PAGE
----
Reader Ethan Hahn reports:
I used your salt-encrusted salmon recipe over the summer for a big 8-person meal we were having ... — your recipe was absolutely perfect! It made a lot of food, tasted wonderful, and was extremely impressive looking too! And I just realized today that I never thanked you for posting it — Instapundit's post about the blog recipe book reminded me.I take no credit for the recipe — I just pass along what I was given — but I thought it might be worth passing along again.
Salmon baked in sea salt
1 whole salmon, 5 to 6 pounds
Quite a bit of sea salt (NOT rock salt), probably about 3 to 4 pounds; it can be expensive in some stores, but not bad in others, such as Cost Plus
1 egg white per pound of sea salt
1 package dill
Remove the gills from the salmon, or have the fish seller do it for you.
Rinse the inside of the salmon.
Put sliced lemon and the sprigs of dill (no need to chop it) inside the salmon.
[The following process looks long and daunting, but it's actually not hard.]
Line a large roasting pan — large enough to fit the whole salmon with aluminum foil.
Mix by hand sea salt and egg whites until the sea salt is sticky; this shouldn't take long. If the salt doesn't get sticky enough, add another egg white or two.
Put a layer (it needn't be thick, but it should be thorough) of sea salt on the foil.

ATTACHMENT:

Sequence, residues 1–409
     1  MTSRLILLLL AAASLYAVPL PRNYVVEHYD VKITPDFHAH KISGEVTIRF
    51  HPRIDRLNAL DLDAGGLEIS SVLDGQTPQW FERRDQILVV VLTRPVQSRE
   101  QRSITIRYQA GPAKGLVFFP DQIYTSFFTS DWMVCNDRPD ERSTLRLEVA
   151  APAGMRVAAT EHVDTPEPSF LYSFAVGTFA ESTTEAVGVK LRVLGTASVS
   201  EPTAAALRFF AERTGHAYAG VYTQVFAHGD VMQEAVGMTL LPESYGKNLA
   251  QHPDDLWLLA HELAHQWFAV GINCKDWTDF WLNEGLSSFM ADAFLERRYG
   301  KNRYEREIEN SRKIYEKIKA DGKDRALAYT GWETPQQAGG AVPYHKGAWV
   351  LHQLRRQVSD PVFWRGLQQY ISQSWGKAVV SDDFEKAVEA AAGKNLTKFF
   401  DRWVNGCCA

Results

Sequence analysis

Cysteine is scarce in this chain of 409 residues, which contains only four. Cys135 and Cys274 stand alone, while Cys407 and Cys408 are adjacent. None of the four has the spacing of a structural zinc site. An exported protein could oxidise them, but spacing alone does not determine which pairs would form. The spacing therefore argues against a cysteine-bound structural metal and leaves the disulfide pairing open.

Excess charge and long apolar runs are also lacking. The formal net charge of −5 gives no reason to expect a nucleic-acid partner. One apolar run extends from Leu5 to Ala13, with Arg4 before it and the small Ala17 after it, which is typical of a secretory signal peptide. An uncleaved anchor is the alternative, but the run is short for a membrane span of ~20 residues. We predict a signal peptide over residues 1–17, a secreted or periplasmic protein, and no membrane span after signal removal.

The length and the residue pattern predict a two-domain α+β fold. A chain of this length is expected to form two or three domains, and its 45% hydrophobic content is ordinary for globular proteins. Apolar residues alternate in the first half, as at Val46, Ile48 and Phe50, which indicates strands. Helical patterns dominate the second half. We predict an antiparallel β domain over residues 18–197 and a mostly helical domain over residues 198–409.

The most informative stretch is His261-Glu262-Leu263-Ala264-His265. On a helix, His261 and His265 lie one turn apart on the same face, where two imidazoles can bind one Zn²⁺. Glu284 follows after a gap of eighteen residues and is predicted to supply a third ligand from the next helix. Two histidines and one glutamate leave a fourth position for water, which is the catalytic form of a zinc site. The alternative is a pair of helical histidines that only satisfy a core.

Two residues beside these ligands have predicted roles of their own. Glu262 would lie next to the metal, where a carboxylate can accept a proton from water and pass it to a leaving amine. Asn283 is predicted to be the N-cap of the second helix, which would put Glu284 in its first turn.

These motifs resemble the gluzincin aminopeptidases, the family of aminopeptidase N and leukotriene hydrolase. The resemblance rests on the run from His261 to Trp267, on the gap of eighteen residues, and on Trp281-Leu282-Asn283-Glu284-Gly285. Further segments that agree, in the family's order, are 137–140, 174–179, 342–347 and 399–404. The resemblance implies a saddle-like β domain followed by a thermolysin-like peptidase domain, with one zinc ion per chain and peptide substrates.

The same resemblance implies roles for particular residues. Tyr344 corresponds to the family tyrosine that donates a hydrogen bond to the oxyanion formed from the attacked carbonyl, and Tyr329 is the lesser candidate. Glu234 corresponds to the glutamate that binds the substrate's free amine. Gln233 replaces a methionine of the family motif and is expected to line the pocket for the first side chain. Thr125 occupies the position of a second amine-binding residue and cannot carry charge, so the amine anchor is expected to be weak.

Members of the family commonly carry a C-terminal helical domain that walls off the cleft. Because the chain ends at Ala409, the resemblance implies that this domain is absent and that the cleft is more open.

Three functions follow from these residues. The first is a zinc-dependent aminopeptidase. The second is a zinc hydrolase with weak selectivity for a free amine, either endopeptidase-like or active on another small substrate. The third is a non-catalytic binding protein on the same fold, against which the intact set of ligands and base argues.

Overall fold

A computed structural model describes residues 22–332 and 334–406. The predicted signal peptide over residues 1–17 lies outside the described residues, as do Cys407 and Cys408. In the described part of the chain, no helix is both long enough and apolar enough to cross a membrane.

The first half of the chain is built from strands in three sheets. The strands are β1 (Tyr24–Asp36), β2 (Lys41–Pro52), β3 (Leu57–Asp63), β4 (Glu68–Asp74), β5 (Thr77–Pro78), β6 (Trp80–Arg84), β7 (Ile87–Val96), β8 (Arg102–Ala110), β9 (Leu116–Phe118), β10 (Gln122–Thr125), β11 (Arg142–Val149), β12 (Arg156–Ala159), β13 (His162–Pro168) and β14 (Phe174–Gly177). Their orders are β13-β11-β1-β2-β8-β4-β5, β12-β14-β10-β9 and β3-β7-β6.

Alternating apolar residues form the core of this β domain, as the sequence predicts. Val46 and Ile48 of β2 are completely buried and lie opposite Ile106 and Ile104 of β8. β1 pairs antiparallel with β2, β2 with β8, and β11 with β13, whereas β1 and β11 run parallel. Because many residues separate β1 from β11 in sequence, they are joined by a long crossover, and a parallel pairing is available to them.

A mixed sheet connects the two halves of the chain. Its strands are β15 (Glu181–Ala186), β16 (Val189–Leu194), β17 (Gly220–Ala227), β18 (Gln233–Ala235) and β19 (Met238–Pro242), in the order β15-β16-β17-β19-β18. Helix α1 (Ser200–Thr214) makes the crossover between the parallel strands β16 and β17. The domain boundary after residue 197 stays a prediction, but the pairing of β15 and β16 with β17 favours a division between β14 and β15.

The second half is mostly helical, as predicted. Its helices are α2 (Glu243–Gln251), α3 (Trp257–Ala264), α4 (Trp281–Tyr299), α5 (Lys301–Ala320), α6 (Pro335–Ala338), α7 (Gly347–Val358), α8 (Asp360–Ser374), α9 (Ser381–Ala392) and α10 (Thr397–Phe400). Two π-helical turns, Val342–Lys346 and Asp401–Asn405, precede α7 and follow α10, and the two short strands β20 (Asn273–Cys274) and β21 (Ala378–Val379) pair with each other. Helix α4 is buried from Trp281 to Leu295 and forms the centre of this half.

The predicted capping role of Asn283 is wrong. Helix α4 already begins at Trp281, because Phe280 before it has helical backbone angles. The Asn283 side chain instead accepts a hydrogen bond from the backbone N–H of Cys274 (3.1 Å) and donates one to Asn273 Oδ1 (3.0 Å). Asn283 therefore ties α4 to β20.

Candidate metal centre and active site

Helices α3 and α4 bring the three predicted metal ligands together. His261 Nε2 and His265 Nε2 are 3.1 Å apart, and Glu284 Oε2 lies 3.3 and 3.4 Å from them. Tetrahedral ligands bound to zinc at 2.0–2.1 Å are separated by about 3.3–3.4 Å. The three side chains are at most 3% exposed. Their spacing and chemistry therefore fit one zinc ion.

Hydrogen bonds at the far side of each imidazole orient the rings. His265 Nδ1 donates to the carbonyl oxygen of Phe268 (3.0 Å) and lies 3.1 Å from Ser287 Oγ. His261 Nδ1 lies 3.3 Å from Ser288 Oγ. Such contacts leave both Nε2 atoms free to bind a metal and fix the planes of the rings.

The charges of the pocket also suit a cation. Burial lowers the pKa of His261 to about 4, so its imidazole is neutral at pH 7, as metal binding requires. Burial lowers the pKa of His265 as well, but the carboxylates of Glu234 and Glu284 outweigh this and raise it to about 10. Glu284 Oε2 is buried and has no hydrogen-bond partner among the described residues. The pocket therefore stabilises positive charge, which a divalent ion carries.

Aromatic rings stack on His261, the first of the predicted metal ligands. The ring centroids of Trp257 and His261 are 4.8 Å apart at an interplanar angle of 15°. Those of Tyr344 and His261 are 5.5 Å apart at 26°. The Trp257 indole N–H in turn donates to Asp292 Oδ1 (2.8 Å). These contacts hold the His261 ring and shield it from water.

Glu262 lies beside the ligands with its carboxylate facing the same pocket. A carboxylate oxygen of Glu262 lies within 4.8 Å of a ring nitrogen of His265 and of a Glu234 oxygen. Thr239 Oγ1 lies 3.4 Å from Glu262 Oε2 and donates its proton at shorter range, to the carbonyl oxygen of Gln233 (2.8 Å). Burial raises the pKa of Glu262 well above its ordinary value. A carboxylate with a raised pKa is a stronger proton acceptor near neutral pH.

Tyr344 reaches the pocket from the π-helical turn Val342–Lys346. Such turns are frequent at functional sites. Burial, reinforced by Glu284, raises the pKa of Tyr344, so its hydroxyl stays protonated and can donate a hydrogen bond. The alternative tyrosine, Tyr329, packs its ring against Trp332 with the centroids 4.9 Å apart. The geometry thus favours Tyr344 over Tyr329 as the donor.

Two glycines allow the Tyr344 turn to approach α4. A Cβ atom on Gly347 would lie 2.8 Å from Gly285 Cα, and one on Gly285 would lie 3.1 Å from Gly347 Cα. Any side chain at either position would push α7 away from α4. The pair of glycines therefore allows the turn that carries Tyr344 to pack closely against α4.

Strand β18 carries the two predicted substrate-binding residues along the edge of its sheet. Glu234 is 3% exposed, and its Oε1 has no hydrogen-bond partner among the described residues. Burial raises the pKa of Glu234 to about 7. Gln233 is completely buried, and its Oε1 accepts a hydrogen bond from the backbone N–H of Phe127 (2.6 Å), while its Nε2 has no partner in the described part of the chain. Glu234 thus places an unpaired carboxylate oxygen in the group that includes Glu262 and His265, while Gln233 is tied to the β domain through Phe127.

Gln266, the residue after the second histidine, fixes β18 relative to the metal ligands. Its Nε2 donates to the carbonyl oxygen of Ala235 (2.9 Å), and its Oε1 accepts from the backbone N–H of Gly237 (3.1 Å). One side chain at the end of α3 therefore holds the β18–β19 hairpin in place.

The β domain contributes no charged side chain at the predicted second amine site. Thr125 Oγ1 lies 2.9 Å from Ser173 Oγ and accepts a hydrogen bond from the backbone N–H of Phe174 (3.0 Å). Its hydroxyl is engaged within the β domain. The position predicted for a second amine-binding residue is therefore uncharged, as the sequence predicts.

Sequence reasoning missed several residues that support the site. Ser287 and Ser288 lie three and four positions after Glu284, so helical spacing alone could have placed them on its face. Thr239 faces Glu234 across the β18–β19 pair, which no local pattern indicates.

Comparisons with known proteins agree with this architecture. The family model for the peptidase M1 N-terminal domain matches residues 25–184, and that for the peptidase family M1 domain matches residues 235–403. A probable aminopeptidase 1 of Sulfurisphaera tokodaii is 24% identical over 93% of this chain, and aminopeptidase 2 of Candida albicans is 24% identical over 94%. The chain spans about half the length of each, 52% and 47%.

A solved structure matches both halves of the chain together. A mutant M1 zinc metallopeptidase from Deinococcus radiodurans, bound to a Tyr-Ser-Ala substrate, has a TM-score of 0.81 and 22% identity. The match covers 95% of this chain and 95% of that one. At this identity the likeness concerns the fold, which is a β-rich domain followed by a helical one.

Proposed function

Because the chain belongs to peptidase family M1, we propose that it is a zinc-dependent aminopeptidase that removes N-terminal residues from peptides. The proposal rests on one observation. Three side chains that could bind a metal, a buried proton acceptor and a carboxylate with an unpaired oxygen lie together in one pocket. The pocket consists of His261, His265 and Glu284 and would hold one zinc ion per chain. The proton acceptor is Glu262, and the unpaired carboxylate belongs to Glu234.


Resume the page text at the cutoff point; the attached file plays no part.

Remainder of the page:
Put the salmon on top of the salt; try to keep the cavity relatively closed so the sea salt doesn't get in. If the salmon doesn't fit in the pan, you could let the head or the tail stick out and wrap it in the aluminum foil.
Put a layer of salt on top of the salmon, making sure that the entire salmon (except whatever part you might have wrapped in foil) gets covered.
Bake at 450 F for 10 minutes per pound.
When the salmon is done, the salt should be solid on top of it. Crack the salt, preferably with a hammer, and remove the top layer, trying not to get it in the cavity (if a bit gets in, that's fine — don't worry too much about it).
Peel back the skin, which should be easy.
Remove the top half of the fish, preferably in biggish chunks and in a way that leaves the bones attached to the skeleton; this also shouldn't be hard.
Remove and discard the skeleton, the lemon, the dill, and any salt that might have gotten into the cavity.
Remove the bottom half of the fish, preferably in biggish chunks and in a way that leaves the bottom part of the skin in the pan.
Discard the aluminum foil, sea salt, and the skin. (The aluminum foil should have kept the salt from sticking to the pan, and will save you some cleaning time.)
Ethan Hahn points out, though, that "ideally you'll want to clean the oven after making this recipe, because the first few times after making it, I could smell salmon whenever I turned the oven on."